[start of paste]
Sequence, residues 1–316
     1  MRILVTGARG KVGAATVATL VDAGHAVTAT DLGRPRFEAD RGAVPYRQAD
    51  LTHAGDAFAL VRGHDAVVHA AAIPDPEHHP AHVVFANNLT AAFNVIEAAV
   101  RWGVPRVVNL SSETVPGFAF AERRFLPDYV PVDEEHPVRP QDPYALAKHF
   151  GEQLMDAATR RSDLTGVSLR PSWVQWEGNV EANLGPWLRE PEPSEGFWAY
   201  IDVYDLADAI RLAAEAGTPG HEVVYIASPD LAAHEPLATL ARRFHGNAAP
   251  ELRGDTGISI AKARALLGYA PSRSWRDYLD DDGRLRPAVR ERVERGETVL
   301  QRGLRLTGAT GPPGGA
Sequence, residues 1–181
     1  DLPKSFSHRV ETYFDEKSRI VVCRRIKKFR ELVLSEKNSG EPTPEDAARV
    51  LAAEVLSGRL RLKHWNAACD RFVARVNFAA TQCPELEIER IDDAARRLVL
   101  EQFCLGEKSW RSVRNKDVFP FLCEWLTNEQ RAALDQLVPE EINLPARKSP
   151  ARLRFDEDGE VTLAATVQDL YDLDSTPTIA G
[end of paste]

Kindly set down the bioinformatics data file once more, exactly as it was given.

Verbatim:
Sequence, residues 1–316
     1  MRILVTGARG KVGAATVATL VDAGHAVTAT DLGRPRFEAD RGAVPYRQAD
    51  LTHAGDAFAL VRGHDAVVHA AAIPDPEHHP AHVVFANNLT AAFNVIEAAV
   101  RWGVPRVVNL SSETVPGFAF AERRFLPDYV PVDEEHPVRP QDPYALAKHF
   151  GEQLMDAATR RSDLTGVSLR PSWVQWEGNV EANLGPWLRE PEPSEGFWAY
   201  IDVYDLADAI RLAAEAGTPG HEVVYIASPD LAAHEPLATL ARRFHGNAAP
   251  ELRGDTGISI AKARALLGYA PSRSWRDYLD DDGRLRPAVR ERVERGETVL
   301  QRGLRLTGAT GPPGGA
Sequence, residues 1–181
     1  DLPKSFSHRV ETYFDEKSRI VVCRRIKKFR ELVLSEKNSG EPTPEDAARV
    51  LAAEVLSGRL RLKHWNAACD RFVARVNFAA TQCPELEIER IDDAARRLVL
   101  EQFCLGEKSW RSVRNKDVFP FLCEWLTNEQ RAALDQLVPE EINLPARKSP
   151  ARLRFDEDGE VTLAATVQDL YDLDSTPTIA G